On the night Bradley Wiggins perhaps gave the most accurate assessment of Great Britain's defeat to Australia in the team pursuit at the UCI Track World Championships by pointing out that although the best team had won on the night the British team still have room for improvement.
It took a new Australian record of 3:52.727 to consign the home nation to the silver medal but the British team may well rue elements of their performance having pegged the Australian's back from 0.7 of a second to lead by 0.4 before finally slipping to defeat in the last lap after Ed Clancy faded with the line in sight. The margin on defeat at the finish was just over a second with the British team finishing in a time of 3:53.856.
"It's mixed emotions really. Initially we are gutted, well I am especially," Wiggins said. "We try and put a brave face on it, be sportsmanlike and tell them congratulations, because at the end of the day I said that you might need a world record or to go close to it to win here. That's what we thought and hats off to them because they're missing two strong riders from that team and to still do a world class ride like that."
It looked as though the British had done enough at one stage. Clancy took one mammoth turn in the middle sector and Wiggins looked set to lead the team towards a gold medal. He swung off with Clancy expected to power home but the Yorkshire-born rider had nothing in the tank.
"It's disappointing but at the same time so where we've come from with Ed, especially, we were close. I could sense that it was close and we were there with them. We knew that we'd have a race on and we’ll have a race on in Rio. I think we'll get first over the line in Rio."
"I could hear the crowd's reaction," Wiggins replied when asked whether he knew the team were reversing Australia's early advantage.
"I thought that something had happened. The last time that I heard noise like that was when I went pass Brad McGee in Athens. I knew that we'd probably gone ahead but it’s 4K and they had it for 4K."
The four-man team of Wiggins, Clancy Jon Dibben and Andy Tennant were selected for the final before the team's semi-final win over Italy earlier in the day. Clancy's inclusion in the final with Steven Burke swapped out was understandable given that the latter had under performed in these championships, but Wiggins admitted that Clancy's inclusion had come with some risk. Twelve weeks ago Clancy was undergoing back surgery and his entire career lay in jeopardy. Wiggins, though, paid tribute to his teammate, who led the team from the start despite all the medical advice to do so.
"Everyone now dissects their rides. Perhaps I shouldn't have changed [ed in the final lap]. Perhaps I should have just taken it to line, but you're always thinking in the back of your mind that perhaps the guy behind me has a little more in that last lap. I swung up and Ed just didn't have it. You could see that. It's one of those things," Wiggins said.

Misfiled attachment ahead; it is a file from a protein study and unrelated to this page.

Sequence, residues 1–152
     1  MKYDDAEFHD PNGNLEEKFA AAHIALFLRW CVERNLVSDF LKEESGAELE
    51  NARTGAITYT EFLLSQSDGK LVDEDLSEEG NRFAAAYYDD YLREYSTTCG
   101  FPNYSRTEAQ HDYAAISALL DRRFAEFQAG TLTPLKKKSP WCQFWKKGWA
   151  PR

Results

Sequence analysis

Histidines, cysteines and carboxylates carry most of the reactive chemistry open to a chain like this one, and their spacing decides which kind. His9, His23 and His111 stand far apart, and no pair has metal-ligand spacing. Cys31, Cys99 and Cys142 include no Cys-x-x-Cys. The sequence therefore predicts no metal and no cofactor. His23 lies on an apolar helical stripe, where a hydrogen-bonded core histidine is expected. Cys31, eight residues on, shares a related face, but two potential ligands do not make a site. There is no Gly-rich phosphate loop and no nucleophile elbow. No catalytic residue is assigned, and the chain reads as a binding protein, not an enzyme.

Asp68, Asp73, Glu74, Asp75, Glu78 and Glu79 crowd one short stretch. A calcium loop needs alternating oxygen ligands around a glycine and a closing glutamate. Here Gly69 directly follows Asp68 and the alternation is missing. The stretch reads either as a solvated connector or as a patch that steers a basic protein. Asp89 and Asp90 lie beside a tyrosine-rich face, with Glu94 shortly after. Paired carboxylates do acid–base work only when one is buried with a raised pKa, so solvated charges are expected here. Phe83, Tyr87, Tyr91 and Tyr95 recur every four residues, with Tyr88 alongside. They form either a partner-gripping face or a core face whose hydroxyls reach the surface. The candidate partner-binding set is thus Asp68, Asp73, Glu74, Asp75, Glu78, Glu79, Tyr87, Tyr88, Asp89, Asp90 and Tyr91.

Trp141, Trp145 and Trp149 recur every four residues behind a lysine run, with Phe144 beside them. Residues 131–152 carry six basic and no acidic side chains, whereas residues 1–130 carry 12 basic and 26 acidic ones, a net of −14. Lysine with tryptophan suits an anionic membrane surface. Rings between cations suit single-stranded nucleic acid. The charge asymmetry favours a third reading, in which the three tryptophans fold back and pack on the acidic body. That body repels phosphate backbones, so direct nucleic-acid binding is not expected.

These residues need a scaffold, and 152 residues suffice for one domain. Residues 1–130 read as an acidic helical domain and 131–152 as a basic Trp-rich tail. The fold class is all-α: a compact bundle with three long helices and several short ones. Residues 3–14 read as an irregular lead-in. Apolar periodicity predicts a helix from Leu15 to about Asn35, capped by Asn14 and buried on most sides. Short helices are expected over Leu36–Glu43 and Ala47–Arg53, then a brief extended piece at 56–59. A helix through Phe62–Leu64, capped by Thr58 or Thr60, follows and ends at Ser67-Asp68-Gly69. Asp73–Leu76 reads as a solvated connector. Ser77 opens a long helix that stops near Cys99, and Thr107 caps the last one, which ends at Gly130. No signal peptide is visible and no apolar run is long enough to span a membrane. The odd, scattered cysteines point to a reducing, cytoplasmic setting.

"Where he has come from, he's the strongest man. I said a couple of weeks ago that he was the one man that was probably irreplaceable. We just have to take it on the chin and keep working."
"We did gamble a bit with the semi-final putting Tennant in and Burke wasn't quite on it and that was to save Jon and Ed for the final. In hindsight we could have put Ed in earlier rounds, but in two weeks he's gone from not making any efforts – with the medical team saying that he can only race from man-four – to starting this race in the gate, against all the medical advice from the team back in Manchester.
"At Christmas, Ed was being driven in to the track in a van lying down because he couldn't even sit in a chair and he was walking up hills for fitness. It's phenomenal really."
Back to the drawing board
Despite the final loss, Wiggins stressed that the team still had more to give, and with several months until the Rio Olympics the endurance team will take stock and analyse their world championships. This was certainly a step in the right direction and New Zealand, Denmark and a number of other nations have far more ground to make up.
"Individually, and I just had a quick chat with Shane afterwards, we all look at our performances but this is the strongest set of team pursuiting that I've done. When we won in Beijing I was just a passenger in that quartet, dropping the pace. In 17 years of team pursuiting that's the best I've been, and there's a bit of life left in me yet," said Wiggins.
"We've got five months now to try and get a little bit better. This shows that the commitment I've made in coming away from the road, going into the gym and stuff, has worked.
"It takes four really and that's what it's all about. We lost Jon, and then Ed was the weakest link in that trio. You need four guys on the line that are of equal standard like when the guys won in London. There's only so many laps and you can't carry the team to win these titles. We need four guys on song."
Before he left the press pit and departed the velodrome with his teammates, Wiggins offered something of a rallying cry to his teammates and, one suspects, the majority of the home press that had gathered.
"Rio is what it's about. We would have taken the World title tonight but we have to take it in the chin. We were here to win. We knew that it would take a time like that to win it. We didn't produce it and they did. Back to the drawing board."
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